Prime Minister Dr Keith Rowley – File photo/Sureash Cholai
While he has noted the dissatisfaction of trade unionists over a proposed salary increase of two per cent, the Prime Minister has called on workers to be patient and remain calm.
On May 16, during the debate on the Variation of Appropriation) (Financial Year 2022) Bill, 2022, Finance Minister Colm Imbert announced TT achieved a surplus of $1.98 billion at the end of April. He said one of the things the government would do with the increased revenue was to pay increased wages to public servants once negotiations between the unions and the Chief Personnel Officer (CPO) were concluded.
On Thursday, CPO Dr Daryl Dindial offered hourly, daily and weekly-rated workers of the Central Government, the Tobago House of Assembly and municipal corporations a two per cent salary increase over an eight-year period spanning 2014 and 2021.
Various trade unionists have rejected the offer and have promised to stage public protests to express their dissatisfaction, noting that “strategies” would be used to make their point.
On Saturday, staff at the San Fernando General Hospital staged a protest against the CPO’s offer.
Responding to questions from reporters at the VIP Lounge of the Piarco International Airport shortly after his return from Guyana on Sunday afternoon, Dr Rowley called for cooler heads to prevail among public servants and their trade unions.
He said despite the frustration public servants may feel, he urged them to consider that there were no job cuts throughout the covid19 pandemic.
He added that while the government would have liked to satisfy the requests of the trade unions, they were careful to balance any wage increase with public debt.
“Clearly what has been offered has offended some people but let’s have a quick look at what it is, because we did, from time to time, have to say to the population, particularly the public servants, given what the government has done and what the government is doing, try and not get derailed by wanting more from less.
“We have a little bit more now and therefore a little bit more can provide a little bit more.
“Reason is required and patience is an essential ingredient.
“I think you would want us to continue keeping people in jobs, you would want us to continue looking for opportunity for us to have an improved payment, but let’s not get too carried away with this.”
Rowley also stressed that public servants should not look to the current price of oil as an indicator of whether their demands could be met, noting the unpredictable nature of the oil market.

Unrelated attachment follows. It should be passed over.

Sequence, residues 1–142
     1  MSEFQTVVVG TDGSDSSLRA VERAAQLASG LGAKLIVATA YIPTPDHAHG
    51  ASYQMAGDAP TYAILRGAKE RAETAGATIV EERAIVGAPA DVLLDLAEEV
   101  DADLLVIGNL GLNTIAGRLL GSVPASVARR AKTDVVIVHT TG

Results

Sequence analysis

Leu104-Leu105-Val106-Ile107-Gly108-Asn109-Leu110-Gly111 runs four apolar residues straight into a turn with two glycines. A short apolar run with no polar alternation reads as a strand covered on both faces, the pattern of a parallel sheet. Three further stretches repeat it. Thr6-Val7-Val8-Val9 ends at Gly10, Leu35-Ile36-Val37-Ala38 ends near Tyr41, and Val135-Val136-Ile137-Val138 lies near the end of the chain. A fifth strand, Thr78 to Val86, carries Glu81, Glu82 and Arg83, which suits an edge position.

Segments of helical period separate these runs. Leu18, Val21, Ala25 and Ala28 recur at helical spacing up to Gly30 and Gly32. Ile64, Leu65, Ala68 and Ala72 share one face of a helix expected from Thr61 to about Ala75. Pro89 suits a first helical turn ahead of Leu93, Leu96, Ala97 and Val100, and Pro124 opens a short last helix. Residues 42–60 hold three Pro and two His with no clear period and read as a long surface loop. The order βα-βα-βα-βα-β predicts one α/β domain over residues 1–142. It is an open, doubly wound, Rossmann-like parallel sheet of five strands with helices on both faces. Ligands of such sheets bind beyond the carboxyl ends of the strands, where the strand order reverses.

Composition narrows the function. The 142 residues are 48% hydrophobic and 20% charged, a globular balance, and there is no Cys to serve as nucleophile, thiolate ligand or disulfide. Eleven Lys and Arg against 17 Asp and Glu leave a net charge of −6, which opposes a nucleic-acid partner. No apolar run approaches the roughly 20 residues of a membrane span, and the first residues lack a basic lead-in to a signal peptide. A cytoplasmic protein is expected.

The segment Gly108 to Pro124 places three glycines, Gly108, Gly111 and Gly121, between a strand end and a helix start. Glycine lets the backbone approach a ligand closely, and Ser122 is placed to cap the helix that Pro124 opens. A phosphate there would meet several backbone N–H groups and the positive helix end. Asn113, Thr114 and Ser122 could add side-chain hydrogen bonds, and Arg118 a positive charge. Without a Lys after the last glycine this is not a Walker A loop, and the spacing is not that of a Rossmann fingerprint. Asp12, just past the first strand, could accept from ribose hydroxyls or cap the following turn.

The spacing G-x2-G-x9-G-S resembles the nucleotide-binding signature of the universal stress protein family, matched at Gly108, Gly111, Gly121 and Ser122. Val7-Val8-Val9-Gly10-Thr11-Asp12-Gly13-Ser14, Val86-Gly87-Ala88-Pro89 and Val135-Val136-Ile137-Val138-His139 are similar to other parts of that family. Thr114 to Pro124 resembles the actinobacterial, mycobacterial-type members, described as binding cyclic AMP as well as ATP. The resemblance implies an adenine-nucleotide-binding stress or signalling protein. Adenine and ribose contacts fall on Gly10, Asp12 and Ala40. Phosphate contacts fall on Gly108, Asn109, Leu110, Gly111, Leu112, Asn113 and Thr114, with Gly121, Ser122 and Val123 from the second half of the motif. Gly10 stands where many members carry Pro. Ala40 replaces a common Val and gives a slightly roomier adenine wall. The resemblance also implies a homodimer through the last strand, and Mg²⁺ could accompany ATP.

He added that cautious long-term planning were necessary to ensure stability for the public servants.
“The oil market overnight could change and, therefore, if we commit ourselves to making payments based on what prevails now, and in three months, or two months, or six months, the price drops to $60 or $50 we would have worsened our position.”
Citing figures provided to him from the CPO through the Minister of Finance, Rowley said with no increase the current wage bill for public servants was $8.7 billion.
At a two per cent increase Rowley said there would be an additional $175 million with a backpay bill of $411 million.
He also gave a breakdown of projected increases at four and ten per cent.
“If per chance we get to a four per cent increase where we are currently committed to $8.7 billion, we’ll be talking about backpay a revision of $1.8 billion and a running cost of increase $588 million that’s four percent.
“At ten per cent we’ll be talking about a backpay of $4.5 billion and an increased running cost of $1.1 billion.
“(If) you put that against the recent report of a slight increase in the revenues for the Minister of Finance against the background of the huge debt that we had run up for covid and pre-covid, you come to a conclusion as to whether shutting down the country or not is the appropriate response to these circumstances.”
Contacted for comment Public Services Association (PSA) president Leroy Baptiste rejected Rowley’s reasoning for the two per cent increase and argued that preserving jobs was a separate issue from giving workers what they were entitled to.
“I am not sympathetic with him at all because I have seen him send home people left, right and centre and people are fearful of losing their jobs.
“More than that, one thing has nothing to do with the other.
“I am talking about workers, a person without a job that’s a whole different ballgame we’ll have to fight for that.”
Referring to Rowley’s calls for patience, Baptiste described the government’s two per cent officer as “disrespectful” and said Rowley was in no position to ask anything of workers.
Newsday also contacted secretary general of the National Trade Union Centre (NATUC) Michael Annisette who dismissed Rowley’s reasoning.
Annisette contended that he was not convinced that government had explored all options to increase workers’ wages and described focus on job security as a veiled threat.
“That is a kind of threat that has been used by employers to continue with the wage restraint.
“The very same government is prepared to put people on contract and pay them much more than the market rate than what the collective agreeement provides for in order to attract the kind of talent that is necessary.
“When we see contractors getting paid off with all their debts and we haven’t found money to pay workers. We can find mechanisms and processes to find resolutions we can find a balance between wage increases and other benefits that will enhance workers.”